necessary control factor is easily found in cases of individual taxpayers
have records located in foreign countries and relevant to potential
the area of corporations, both foreign and domestic,with
within and without the United States, the Ninth Circuithas established the power of a district court to order production ofrecords located abroad provided that
has personal jurisdiction overan authorized agent
holds the documents within his control.
The same rule has been applied to foreign branches of United Statesbanks.
There are situations, however, where the taxpayer holds documentsin a dual capacity, both as an individual and as agent,
that thecourts have found
necessary to determine not only whether physicalcontrol exists,
the legal capacity in which the agent holds thedocuments. For example,
involved a summons uponaUnited States citizen, president and sole shareholder of a Panamaniancorporation which did not engage in business operations within theUnited States, to produce corporate records pursuant to an investigation into his personal tax liability. The court found
necessary,before determining whether Daniels could assert a fifth amendmentdefense, first to decide that the summons could not properly beaddressed to Daniels in his corporate capacity since the corporationhad no business connection with the United States.l7 Use of such aconceptual approach may properly be restricted, however, to situationslike
itself, where the defenses available to the party summonedmay differ depending
the capacity in which he is being investigated.Capacity may be seen not as a jurisdictional matter,
as a factoraffecting a party's range of defenses. Thus had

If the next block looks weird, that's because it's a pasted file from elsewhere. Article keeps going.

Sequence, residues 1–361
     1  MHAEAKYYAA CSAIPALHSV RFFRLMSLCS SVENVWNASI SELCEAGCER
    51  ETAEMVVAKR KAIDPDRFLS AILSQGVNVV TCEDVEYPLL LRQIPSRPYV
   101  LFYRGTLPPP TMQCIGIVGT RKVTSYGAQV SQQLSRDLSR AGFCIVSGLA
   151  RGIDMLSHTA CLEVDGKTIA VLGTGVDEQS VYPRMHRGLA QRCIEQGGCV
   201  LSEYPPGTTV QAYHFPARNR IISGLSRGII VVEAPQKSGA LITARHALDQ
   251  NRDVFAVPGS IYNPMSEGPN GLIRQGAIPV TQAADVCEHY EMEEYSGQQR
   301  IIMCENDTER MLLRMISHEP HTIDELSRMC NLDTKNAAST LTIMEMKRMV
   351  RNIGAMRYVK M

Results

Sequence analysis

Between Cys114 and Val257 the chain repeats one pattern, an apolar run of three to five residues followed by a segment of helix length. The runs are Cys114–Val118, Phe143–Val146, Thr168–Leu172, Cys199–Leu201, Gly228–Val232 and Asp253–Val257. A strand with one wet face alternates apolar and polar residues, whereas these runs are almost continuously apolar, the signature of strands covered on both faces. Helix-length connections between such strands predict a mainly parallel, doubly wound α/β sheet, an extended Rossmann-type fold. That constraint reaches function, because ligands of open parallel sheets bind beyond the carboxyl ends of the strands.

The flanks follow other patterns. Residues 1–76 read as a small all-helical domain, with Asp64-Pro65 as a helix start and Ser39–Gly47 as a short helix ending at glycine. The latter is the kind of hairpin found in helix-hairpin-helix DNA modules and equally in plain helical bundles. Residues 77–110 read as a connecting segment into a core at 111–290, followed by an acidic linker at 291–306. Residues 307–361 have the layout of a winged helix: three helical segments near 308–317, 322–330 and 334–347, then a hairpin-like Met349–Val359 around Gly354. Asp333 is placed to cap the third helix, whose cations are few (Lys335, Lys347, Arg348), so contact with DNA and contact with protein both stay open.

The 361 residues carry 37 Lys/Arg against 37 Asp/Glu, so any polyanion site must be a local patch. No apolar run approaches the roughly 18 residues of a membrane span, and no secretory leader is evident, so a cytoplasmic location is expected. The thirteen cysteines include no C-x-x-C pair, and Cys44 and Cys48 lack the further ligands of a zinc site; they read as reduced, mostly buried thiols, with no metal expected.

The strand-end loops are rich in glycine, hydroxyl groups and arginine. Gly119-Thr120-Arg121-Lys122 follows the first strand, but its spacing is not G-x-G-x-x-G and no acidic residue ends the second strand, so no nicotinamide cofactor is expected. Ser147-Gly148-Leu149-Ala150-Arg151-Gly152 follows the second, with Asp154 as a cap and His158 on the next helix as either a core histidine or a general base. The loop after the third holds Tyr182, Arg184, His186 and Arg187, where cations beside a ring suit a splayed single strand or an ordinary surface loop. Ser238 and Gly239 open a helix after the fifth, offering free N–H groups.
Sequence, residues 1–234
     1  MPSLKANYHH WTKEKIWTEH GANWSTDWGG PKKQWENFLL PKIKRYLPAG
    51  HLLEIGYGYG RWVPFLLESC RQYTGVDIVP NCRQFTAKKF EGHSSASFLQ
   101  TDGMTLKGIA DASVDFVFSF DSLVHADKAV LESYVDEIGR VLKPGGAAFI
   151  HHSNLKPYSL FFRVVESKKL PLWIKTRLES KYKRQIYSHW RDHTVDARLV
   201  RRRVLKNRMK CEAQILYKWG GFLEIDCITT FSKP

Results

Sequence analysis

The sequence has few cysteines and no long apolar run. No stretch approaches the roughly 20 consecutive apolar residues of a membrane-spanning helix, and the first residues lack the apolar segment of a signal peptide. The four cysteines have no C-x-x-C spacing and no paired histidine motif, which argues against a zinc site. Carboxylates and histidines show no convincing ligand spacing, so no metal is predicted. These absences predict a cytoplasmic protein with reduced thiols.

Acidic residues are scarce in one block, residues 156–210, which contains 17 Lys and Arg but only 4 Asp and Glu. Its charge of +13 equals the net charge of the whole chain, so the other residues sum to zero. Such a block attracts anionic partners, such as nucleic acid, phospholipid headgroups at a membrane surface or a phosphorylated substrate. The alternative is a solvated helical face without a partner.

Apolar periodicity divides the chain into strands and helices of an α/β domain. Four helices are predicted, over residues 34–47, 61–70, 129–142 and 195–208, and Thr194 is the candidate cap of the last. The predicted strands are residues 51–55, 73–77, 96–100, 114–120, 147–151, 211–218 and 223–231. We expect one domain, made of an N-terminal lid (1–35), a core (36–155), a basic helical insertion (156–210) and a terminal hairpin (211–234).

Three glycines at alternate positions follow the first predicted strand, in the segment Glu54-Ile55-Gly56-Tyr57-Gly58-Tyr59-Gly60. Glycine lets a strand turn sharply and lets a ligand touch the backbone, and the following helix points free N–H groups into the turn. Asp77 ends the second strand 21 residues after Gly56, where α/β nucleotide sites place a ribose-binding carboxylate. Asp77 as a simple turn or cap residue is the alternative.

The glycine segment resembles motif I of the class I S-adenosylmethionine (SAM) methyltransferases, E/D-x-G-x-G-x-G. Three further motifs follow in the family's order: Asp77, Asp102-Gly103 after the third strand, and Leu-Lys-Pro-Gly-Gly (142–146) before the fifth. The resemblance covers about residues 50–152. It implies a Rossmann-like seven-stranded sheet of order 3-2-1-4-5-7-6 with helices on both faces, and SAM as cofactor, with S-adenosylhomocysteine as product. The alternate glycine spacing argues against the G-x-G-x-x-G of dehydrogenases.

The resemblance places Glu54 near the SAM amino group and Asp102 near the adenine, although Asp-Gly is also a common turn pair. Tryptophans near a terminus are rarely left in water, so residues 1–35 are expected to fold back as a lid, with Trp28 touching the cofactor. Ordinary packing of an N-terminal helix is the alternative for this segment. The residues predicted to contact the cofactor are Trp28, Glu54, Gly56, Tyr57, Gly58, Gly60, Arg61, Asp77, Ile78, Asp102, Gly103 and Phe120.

a corporate agent against
no personal liabilitywas asserted, disclosure could have been compelled under the statutoryprovisions relating to material held by third parties
or under thedoctrine of corporate custody.
The desirability of maximizing thereach of investigative procedures makes
sensible to rely in the mainon physical control and to explore legal capacity only when theavailability of constitutional defenses is in issue.Attempts to use personal jurisdiction to secure property or records
or "any person having possession, custody or care" of such records. Sections7604(b) and
(b) make the summons enforceable through a contempt proceeding in the district court for the district in which the person resides or can befound.
SEC v. Minas de Artemisa, xso F.2d
(9th Cir. 1945). The
involvedan SEC provision analogous to
First Nat'l City Bank v. IRS,
(2d Cir. 1959),
United States v. First Nat'l City Bank,
Shapiro v. United States,
(1948), where the Court held
records required to be maintained
laws were "public" and hence not subject to the privilege against self-incrimination.
requires taxpayers to keep such records as the Regulations may require.
Production of documents held in a "corporate capacity" may not be resisted on the grounds of a constitutional freedom from self-incrimination. Halev. Henkel,